The technique is a form of computational photography which uses software to create what isn’t possible with hardware alone. To use the technique, the photographer first has to take a series of images, moving further into the scene after each shot. The computer estimates where the camera was when it took each photo. Then, using all of those shots, the software creates a 3D model of the scene. With that model, the user can then pull the background closer or farther away, adjust the position of the foreground or even shorten the distance between the two.
Using the software, the researchers were able to create images that would not have been possible if they had started with a single image. For example, the program can make it appear as though the person in the photo was shot with the flattering look of a telephoto lens, while the background looks like it was shot with a wide-angle lens. The program can bring parts of the scene closer together or farther away, for example, to make something in the background appear more dominant in the image.
“This new framework really empowers photographers by giving them much more flexibility later on to compose their desired shot,” said Pradeep Sen, a UCSB adviser that worked on the project. “It allows them to tell the story they want to tell.”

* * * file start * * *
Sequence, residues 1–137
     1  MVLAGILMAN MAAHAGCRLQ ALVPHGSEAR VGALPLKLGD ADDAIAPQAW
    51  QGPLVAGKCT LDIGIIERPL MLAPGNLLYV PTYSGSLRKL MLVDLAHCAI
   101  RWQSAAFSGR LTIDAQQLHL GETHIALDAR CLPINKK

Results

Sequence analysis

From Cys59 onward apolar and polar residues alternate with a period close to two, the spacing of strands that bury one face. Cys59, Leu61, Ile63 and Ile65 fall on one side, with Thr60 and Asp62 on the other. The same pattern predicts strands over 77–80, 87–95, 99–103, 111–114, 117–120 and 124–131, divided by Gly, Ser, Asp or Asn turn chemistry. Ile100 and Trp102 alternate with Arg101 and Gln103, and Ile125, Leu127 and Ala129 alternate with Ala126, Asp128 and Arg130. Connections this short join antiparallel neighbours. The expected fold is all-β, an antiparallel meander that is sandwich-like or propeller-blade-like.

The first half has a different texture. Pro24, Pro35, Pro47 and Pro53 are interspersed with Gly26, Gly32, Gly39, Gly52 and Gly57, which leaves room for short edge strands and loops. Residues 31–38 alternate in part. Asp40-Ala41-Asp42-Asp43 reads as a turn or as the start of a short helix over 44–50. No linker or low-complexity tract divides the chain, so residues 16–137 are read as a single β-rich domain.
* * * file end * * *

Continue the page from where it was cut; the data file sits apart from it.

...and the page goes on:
Photography traditionally has a set number of elements that can be adjusted in post processing and a handful of aspects that cannot be altered after the image is taken. However, computational photography is changing that. For example, focus is traditionally one of the elements that photographers had to get right in-camera. A technique by Panasonic, however, records a 4K video altering the focus through each frame, allowing the focus to be adjusted after the fact using a form of computational photography. Canon also has a form of the technique to create small focus adjustments. And research presented earlier this week uses computational photography to edit images even before the shot.
With the latest research, composition could join the list of previously impossible photo edits that are now not only do-able, but simple to use. Of course, like post focus techniques, the trick only works if you plan to use the process ahead of time — since both options require taking more than a single image.
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